New Hangover Helper Discovered

Prickly pear cactus extract cuts unpleasant symptoms

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HealthDay Reporter

TUESDAY, June 29, 2004 (HealthDayNews) -- Folk cures abound for curing a hangover, yet only time -- to let the body clear out the toxins -- seems to really do the trick.

But help may be on the way.

Researchers from Tulane University and the University of California, San Francisco report that an extract from Opuntia ficus indica, a type of prickly pear extract, eases the symptoms of a hangover when taken before drinking begins.

Results of the study appear in the June 28 issue of the Archives of Internal Medicine.

"People need to know that there's an inflammatory component to hangover," said one of the study's authors, Dr. Jeff Wiese, an associate professor of medicine at Tulane University Health Sciences Center in New Orleans.

That means, he said, that just drinking extra water, while a good idea, won't stave off all of the symptoms of a hangover.

Symptoms often include headache, fatigue, nausea, vomiting, dizziness, sensitivity to light, and difficulty sleeping. While most people know that drinking too much alcohol will cause a hangover, scientists still aren't sure exactly what happens in the body to cause a hangover.

One of the main suspected causes is dehydration because alcohol has a diuretic effect. It also lowers blood sugar. And alcohol irritates the lining of the stomach and the intestines, causing inflammation, according to the National Institute on Alcohol Abuse and Alcoholism.

According to the new study, 77 percent of people who drink alcohol experience at least one hangover a year, and as many as one in six have a hangover at least once a month. Still, no reliable cure exists.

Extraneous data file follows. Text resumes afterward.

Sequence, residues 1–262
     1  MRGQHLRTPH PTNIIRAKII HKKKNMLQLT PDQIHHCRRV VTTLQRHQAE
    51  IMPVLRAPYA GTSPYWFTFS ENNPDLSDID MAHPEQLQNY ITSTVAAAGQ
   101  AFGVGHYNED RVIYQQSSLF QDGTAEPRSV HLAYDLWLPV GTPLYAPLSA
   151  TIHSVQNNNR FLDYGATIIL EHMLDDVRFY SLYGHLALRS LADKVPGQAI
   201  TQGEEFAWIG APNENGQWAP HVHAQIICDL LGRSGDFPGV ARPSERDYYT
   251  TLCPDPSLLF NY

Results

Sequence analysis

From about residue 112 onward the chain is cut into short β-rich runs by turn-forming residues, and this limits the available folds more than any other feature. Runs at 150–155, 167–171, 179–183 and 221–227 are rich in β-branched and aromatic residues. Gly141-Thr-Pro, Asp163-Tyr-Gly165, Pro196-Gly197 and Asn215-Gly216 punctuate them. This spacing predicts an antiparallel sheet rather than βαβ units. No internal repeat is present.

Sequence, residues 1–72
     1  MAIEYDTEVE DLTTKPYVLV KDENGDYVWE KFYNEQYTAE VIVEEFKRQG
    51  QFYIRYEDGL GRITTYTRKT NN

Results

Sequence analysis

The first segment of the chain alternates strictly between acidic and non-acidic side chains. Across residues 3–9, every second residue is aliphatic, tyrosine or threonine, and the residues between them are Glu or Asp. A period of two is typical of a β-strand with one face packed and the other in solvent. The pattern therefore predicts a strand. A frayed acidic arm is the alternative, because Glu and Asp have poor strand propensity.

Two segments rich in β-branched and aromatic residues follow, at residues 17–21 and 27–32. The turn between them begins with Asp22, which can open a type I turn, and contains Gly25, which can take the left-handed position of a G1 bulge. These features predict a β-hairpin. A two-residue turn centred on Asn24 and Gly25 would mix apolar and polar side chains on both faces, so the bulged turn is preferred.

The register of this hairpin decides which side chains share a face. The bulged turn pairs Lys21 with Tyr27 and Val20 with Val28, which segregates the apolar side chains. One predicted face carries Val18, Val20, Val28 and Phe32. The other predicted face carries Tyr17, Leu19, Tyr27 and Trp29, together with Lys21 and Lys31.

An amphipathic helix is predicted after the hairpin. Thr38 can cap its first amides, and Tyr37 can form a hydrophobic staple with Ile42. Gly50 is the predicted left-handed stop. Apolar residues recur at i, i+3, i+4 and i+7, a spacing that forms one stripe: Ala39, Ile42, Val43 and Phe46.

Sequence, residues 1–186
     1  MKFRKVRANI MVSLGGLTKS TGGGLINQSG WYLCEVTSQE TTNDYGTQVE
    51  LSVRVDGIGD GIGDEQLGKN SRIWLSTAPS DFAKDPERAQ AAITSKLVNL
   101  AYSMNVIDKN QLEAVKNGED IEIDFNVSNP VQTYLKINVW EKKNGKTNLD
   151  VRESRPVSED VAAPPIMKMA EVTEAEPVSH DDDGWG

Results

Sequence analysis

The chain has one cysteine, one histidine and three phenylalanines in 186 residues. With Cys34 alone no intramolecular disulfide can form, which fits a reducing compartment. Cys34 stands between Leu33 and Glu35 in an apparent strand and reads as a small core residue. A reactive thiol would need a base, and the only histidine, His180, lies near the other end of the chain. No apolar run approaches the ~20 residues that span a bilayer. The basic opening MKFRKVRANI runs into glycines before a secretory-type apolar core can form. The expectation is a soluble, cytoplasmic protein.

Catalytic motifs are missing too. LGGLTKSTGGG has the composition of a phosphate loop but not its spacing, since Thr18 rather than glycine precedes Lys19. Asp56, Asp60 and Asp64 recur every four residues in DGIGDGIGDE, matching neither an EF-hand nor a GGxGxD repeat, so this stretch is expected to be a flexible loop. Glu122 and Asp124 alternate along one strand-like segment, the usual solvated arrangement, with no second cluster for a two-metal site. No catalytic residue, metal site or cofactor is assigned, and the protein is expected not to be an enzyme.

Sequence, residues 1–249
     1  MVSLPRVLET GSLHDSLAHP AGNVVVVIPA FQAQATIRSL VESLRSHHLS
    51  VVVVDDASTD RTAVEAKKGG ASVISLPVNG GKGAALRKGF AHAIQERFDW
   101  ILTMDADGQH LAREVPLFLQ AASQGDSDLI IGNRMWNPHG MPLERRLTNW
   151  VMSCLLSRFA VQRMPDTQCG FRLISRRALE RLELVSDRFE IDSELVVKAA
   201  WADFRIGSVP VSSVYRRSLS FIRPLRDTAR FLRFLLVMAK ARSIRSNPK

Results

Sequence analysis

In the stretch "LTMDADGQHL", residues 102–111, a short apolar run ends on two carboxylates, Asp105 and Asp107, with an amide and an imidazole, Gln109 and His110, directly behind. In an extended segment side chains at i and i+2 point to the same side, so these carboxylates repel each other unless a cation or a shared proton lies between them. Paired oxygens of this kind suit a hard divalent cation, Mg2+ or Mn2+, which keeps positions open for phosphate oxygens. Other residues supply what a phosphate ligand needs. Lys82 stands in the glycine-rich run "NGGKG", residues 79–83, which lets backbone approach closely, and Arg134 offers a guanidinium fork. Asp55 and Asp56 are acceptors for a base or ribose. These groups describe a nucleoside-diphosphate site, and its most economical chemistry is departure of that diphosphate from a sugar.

Wiese and his colleagues recruited 55 people between the ages of 21 and 35 for this study. None of the volunteers smoked and all had reported having at least one hangover in their lifetime.

The participants were randomly assigned to either the supplement group or a placebo group. The supplement group received two capsules filled with 800 international units of Opuntia ficus indica. Both groups were asked to take their capsules five hours before drinking.

Then, over a four-hour period, the volunteers were asked to drink the equivalent of 1.75 grams of alcohol per kilogram of body weight -- that's about five to six drinks, according to Wiese. This amount has been shown in other studies to produce a hangover. The participants could drink vodka, gin, rum, tequila, bourbon or scotch.

The next morning, the participants filled out a questionnaire to assess their hangover symptoms and provided blood and urine samples. Two weeks later, the researchers repeated the experiment, but switched the groups so those in the placebo group received the extract and those who had received the extract were now getting the placebo.

The prickly pear cactus extract significantly reduced three symptoms of hangover -- nausea, dry mouth and loss of appetite. On a seven-point scale, the severity of symptoms was reduced more than two points when volunteers took the extract before drinking.

One reason may be that the extract lowered levels of C-reactive protein. C-reactive protein is a marker of inflammation in the body, and inflammation may cause some of the symptoms of hangover, such as upset stomach. C-reactive protein levels were 40 percent higher in those taking the placebo, the study found.

"This extract has some positive effects. It settles the stomach, but is a mild diuretic," said Dr. Marc Siegel, a clinical associate professor of medicine at New York University School of Medicine. "It may settle the stomach, but if it gets you more dehydrated it could make your symptoms worse."

Both Wiese and Siegel recommend that if you know you're going to be drinking a lot of alcohol that you drink plenty of water before and after to prevent dehydration.

Siegel said more studies need to be done on the extract before people should use it for a hangover because there were only 55 people in the research and they weren't examined for a long period of time. The study got research support from Extracts Plus, a San Diego, Calif., company that markets products with the extract.

Wiese said, "The only way to beat the hangover for sure is to stay in the light alcohol consumption category." Light consumption is about one drink a day.

More information

To learn more about alcohol abuse, visit the National Institute on Alcohol Abuse and Alcoholism.

SOURCES: Jeff Wiese, M.D., associate professor of medicine, Tulane University Health Sciences Center, New Orleans; Marc Siegel, M.D., clinical associate professor of medicine, New York University School of Medicine, internist, New York University Medical Center, New York City; June 28, 2004, Archives of Internal Medicine

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